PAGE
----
Last week's teaser we found out a bit more about Giaan, that he has a rather strange ability. Someone said she always thought my WIP was "realistic fiction" and nothing to do with powers or stuff like that, and was quite shocked at the reveal (which pretty much mirrored what everyone else was thinking, judging by their: "Woah, I didn't know he had a power!"). Lol it is realistic fiction, in a way, and I'm happy about her reaction, cos it means I'm on the right track. I didn't have to result to any "my character has this weird power and he's confused and he doesn't want to use his powers but he has to, blah, blah, blah" to generate tension and make her feel for Giaan.
Giaan's biggest problem is not power-related. He's in a bad place right now and he can't come out of it through magic or doing something freaky. And you know what, that's cool.
I believe a character's power shouldn't define them. Who they are – not what they can do – is what should count the most. Giaan's pain, his "normal" struggles, his personality, his choices in "normal" situations, etc, are the very essence of his humanity, and that's the part of him I want readers to empathise with.
I guess this is me revolting against the norm. There are too many YA books out there today where the biggest problem a protag faces is one she has to solve by utilising her paranormal gift, and said problem is the only problem capable of striking true fear in her heart. All other problems, though strong enough to trigger some minor distress, border on the mundane, and only exist to expand the book's pages: protag has a crush on a boy and worries whether he likes her back and if he'll ask her out; protag has to deal with bullies or mean girls; etc.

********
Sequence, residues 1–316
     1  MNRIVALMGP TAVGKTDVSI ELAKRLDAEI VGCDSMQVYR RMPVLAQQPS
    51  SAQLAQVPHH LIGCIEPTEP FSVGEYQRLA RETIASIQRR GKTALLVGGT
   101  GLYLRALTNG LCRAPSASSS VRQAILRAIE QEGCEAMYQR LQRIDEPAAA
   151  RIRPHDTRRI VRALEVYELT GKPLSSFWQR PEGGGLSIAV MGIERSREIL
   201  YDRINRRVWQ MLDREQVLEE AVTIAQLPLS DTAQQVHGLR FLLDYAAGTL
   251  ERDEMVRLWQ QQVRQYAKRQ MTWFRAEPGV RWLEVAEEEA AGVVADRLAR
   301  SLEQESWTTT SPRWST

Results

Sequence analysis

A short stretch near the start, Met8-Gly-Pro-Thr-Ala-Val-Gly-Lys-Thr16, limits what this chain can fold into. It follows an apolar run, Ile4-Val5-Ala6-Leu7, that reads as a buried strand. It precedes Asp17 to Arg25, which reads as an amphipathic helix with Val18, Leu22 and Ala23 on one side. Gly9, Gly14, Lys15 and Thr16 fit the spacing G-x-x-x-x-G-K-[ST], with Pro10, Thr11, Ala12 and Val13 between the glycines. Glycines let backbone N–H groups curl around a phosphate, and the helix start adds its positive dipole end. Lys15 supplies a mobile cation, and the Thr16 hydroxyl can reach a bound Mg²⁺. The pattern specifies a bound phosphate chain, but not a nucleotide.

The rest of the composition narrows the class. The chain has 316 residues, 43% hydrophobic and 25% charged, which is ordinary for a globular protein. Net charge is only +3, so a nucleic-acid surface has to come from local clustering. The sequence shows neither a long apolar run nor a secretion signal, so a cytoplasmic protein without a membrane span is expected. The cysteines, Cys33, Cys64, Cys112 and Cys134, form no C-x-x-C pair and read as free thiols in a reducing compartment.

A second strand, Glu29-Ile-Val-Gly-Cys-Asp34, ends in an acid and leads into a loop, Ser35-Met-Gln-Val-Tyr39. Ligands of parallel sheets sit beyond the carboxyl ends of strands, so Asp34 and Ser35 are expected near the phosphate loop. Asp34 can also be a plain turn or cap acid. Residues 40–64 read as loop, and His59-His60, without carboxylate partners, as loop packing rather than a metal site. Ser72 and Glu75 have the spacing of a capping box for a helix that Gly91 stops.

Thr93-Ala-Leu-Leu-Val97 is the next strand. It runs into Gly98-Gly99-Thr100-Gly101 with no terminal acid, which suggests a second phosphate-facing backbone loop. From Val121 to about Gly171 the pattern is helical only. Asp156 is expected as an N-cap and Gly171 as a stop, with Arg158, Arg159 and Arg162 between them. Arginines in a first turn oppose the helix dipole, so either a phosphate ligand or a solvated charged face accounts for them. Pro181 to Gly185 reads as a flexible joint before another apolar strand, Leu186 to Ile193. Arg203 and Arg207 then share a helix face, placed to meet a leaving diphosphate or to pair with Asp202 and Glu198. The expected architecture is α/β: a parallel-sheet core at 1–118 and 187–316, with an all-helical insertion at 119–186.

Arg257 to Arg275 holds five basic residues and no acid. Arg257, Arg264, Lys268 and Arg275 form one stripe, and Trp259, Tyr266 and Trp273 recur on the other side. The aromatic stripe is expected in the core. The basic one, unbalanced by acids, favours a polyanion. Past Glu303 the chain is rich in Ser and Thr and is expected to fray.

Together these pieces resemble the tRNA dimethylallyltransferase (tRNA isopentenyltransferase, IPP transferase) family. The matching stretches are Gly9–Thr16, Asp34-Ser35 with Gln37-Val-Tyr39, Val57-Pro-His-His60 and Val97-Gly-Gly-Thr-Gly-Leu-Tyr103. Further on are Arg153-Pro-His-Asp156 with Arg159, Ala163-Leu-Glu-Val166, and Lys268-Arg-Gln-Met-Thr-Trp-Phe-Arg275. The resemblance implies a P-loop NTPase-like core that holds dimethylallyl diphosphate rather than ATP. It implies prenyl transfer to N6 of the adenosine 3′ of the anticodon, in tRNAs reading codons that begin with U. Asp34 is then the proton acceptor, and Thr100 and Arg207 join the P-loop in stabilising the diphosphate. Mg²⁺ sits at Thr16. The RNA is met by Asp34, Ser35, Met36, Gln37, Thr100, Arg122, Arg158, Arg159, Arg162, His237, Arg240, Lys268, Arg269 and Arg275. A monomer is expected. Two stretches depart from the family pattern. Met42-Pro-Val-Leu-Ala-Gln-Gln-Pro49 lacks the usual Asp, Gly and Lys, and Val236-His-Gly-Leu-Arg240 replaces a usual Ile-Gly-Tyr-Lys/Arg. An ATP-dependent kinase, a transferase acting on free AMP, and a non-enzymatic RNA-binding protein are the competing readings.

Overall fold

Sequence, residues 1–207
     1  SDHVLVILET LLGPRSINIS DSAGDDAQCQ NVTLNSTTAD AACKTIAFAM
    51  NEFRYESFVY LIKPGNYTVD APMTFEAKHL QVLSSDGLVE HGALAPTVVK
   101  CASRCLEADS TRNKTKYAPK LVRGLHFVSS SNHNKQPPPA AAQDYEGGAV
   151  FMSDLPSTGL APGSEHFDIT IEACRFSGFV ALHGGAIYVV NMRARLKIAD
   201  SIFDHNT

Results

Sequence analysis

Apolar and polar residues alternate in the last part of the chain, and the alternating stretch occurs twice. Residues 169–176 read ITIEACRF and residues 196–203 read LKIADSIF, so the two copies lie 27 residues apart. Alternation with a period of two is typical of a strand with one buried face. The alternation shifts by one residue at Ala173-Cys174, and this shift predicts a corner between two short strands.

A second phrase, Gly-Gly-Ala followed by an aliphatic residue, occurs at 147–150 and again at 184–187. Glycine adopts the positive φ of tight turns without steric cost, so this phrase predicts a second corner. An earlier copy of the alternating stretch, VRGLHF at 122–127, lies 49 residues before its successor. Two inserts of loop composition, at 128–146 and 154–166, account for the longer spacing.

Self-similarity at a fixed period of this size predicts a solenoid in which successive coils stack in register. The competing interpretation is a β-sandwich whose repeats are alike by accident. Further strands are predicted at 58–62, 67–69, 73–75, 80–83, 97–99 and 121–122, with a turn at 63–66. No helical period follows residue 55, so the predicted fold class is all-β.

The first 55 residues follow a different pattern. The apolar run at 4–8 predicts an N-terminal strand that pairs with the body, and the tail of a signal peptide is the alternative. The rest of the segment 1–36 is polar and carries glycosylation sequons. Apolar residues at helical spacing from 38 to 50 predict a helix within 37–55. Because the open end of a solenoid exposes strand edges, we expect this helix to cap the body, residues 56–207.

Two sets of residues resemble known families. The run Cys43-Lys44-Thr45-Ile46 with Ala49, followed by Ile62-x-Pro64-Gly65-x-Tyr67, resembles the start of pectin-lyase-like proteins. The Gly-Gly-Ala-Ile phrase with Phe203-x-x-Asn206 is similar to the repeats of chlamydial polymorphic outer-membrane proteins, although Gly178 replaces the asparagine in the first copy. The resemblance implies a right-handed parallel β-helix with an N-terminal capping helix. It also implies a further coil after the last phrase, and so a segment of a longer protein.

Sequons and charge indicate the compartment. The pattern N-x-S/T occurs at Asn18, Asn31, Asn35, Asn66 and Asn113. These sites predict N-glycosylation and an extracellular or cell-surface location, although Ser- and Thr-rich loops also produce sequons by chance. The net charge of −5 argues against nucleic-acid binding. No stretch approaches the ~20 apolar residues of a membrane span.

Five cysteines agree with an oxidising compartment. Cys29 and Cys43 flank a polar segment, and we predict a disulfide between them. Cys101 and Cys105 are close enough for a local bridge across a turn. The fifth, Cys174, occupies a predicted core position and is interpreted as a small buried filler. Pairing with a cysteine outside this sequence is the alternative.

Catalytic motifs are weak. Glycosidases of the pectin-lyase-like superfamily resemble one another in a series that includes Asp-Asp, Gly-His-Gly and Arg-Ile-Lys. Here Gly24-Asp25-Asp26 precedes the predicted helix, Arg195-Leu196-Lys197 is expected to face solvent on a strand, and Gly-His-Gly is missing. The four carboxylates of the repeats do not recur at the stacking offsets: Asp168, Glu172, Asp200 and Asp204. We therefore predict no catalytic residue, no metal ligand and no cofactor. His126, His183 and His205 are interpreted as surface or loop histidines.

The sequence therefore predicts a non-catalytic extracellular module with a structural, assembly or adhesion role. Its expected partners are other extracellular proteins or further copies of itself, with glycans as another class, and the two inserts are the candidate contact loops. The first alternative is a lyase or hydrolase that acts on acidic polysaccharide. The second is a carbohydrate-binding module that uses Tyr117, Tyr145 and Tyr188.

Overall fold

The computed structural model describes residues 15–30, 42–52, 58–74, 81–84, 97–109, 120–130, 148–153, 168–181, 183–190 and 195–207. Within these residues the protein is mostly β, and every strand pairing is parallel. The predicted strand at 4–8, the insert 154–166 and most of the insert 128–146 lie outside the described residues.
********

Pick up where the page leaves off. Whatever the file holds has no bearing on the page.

Romance and encounter with mean girls are not sufficient ingredients in creating believable, three-dimensional teenagers, especially when we know by the book's conclusion the protag will most likely end up dating her boy-crush and defeating the mean girls. If your character's only normal problems are boys/girls and bullies and homework, and their only biggest problem is defeating the mystical beast with magic or paranormal powers, then you risk your character falling victim to the Peter Petrelli effect.
Peter Petrelli is this dude from Heroes, a TV show, who had a lot of cool powers, and everyone wanted to be like him at some point in the show's first season. When he lost his powers he became the most boring ass dude in television history. Why, cos without his powers he had no purpose. He had no vision. He had nothing. I started to ask myself, who the hell is this guy? He became worse than one-dimensional. There was nothing interesting about his life, because he had no life to begin with. The only time he seemed to breathe was when he could shoot something from his hands or read minds or do some shit like that.
Separate your characters from their powers or abilities; render them "normal" and see how interesting they are without the ubiquitous, clichéd young adult problems: "I like a boy but I don't know if he likes me?", "Those girls at school are always picking on me", etc. Doing so could help you and your characters circumvent the Peter Petrelli effect.